Taiwan sees new COVID-19 case while following-up on mystery case

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CECC spokesman Chuang Jen-hsiang (CECC photo)

CECC spokesman Chuang Jen-hsiang (CECC photo)

Taiwan health authorities reported one new COVID-19 case Sunday, while continuing to test those who may have come into contact with a Belgian national to learn more about how he ended up testing positive for the disease.

The Belgian man in his 20s, who entered Taiwan in early May and went through the standard two-week quarantine, had two positive PCR tests for the disease this past week.

The Central Epidemic Command Center (CECC) would not classify the case as a domestically transmitted case, however, because it learned later Saturday that the Belgian man had sought treatment twice in Belgium in March for a loss of his sense of taste and smell, potential symptoms of the disease.

He was not diagnosed with COVID-19 at the time, but his symptoms, combined with a positive IgG antibody test that indicated he could have had COVID-19 a while ago, has led the CECC to suspect he was first infected in March and the original infection is still in his system.

If that was the case, then what was found in the PCR test in Taiwan was possibly just fragments of the virus and not contagious, said CECC spokesman Chuang Jen-hsiang (莊人祥) at a press briefing Sunday.

The CECC also did not exclude the possibility that the man may have caught the virus in Taiwan, and tests are being conducted on the people he came in contact with to help classify the origins of the illness, Chuang said.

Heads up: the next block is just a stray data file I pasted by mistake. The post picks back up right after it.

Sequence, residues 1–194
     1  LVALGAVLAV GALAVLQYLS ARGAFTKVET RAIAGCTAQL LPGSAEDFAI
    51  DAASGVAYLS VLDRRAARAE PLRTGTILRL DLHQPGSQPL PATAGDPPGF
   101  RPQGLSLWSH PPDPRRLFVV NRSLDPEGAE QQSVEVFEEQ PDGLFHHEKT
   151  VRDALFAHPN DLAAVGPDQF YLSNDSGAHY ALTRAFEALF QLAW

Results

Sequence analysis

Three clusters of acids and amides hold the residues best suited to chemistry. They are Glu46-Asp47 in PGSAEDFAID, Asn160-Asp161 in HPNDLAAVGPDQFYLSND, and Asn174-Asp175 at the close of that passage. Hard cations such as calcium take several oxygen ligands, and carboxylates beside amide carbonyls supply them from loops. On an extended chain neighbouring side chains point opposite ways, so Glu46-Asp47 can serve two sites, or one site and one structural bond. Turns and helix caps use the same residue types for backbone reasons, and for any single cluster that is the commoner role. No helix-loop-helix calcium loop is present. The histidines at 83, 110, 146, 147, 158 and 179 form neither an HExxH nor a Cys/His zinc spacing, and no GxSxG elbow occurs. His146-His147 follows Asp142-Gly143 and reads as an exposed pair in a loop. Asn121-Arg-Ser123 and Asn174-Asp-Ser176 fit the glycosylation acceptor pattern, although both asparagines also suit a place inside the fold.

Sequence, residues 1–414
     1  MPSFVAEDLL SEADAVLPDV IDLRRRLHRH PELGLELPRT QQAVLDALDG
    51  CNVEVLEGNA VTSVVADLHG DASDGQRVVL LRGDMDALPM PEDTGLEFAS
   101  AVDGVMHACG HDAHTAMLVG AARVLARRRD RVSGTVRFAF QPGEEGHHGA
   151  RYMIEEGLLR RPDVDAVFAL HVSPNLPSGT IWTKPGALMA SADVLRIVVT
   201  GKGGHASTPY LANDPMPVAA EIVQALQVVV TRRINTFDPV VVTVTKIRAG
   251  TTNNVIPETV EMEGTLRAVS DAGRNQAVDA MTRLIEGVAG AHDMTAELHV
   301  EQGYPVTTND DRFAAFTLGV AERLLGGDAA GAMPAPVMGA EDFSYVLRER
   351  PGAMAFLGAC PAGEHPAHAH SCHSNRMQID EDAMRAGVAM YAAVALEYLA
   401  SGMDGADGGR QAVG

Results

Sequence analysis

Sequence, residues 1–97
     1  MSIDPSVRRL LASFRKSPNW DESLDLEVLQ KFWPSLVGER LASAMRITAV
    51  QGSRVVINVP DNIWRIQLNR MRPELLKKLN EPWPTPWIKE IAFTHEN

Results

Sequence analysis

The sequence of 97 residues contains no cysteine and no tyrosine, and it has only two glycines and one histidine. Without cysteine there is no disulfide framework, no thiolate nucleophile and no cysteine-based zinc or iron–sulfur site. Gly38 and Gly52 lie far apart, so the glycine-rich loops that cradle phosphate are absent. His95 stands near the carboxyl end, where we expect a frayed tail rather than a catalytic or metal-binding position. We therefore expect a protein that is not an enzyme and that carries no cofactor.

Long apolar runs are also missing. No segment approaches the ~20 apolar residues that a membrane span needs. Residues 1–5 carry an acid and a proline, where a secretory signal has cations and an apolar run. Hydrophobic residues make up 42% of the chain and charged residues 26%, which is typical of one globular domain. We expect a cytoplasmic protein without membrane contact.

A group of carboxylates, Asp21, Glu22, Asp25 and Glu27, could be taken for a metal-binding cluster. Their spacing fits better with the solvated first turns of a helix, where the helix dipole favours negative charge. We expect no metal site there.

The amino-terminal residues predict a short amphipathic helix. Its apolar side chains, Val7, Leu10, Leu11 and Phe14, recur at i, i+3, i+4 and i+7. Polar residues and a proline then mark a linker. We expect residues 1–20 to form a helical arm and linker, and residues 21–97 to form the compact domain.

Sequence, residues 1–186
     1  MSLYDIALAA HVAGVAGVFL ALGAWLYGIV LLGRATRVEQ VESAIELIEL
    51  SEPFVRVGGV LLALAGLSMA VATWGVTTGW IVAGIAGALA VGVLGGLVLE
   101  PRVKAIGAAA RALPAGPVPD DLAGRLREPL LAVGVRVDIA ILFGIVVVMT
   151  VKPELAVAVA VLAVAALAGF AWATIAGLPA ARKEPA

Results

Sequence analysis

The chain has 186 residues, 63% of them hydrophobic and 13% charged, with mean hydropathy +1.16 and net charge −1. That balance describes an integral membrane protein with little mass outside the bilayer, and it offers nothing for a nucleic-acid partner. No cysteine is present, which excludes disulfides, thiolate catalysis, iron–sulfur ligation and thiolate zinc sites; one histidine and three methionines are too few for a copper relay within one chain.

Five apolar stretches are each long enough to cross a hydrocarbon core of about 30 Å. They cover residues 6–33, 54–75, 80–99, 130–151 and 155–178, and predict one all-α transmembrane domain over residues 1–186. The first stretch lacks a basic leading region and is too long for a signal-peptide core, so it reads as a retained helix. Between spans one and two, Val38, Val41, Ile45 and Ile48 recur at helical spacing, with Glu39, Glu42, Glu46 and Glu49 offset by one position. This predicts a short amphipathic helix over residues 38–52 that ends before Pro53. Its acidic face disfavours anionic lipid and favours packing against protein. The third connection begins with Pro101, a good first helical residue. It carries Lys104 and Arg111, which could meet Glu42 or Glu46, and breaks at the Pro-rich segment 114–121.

"If it turns out to be a domestic case, then it's a domestic case. It's not that we don't want to classify it as a domestic case, we just need time for clarification of the case," he said.

As of Sunday, 310 people had been identified as possibly coming in contact with the man and were being tested for COVID-19. A total of 109 tests came back negative while the others were still being processed, Chuang said.

Antibody testing will begin Monday on the blood samples of those same people, Chuang said.

"If the man was really infected in March, his chance of infecting other people is practically nil because people generally cannot spread the disease after 10 days from when symptoms started," Chuang said.

The new case reported Sunday was a Filipino woman in her 20s who arrived in Taiwan from the Philippines on Friday to visit family members.

She was asymptomatic upon arrival and was tested at the airport as part of a mass testing program for all arrivals from the Philippines because of a resurgence in the number of cases there, the CECC said in a statement.

She was taken to a quarantine hotel that same day but developed a low-grade fever Saturday after having not experienced any symptoms 14 days prior to coming to Taiwan, and her test results came back positive Sunday, the CECC said.

The woman is now being treated in an isolation room in a local hospital, the CECC said.

The new case brought the total number in Taiwan to 475, with 383 classified as imported. To date, 441 COVID-19 patients in Taiwan have recovered, and seven have died, while the others are in the hospital, the CECC said.

Globally, COVID-19 has infected 17,825,813 people in 187 countries and regions, with a total of 685,096 fatalities, according to CECC statistics as of Sunday.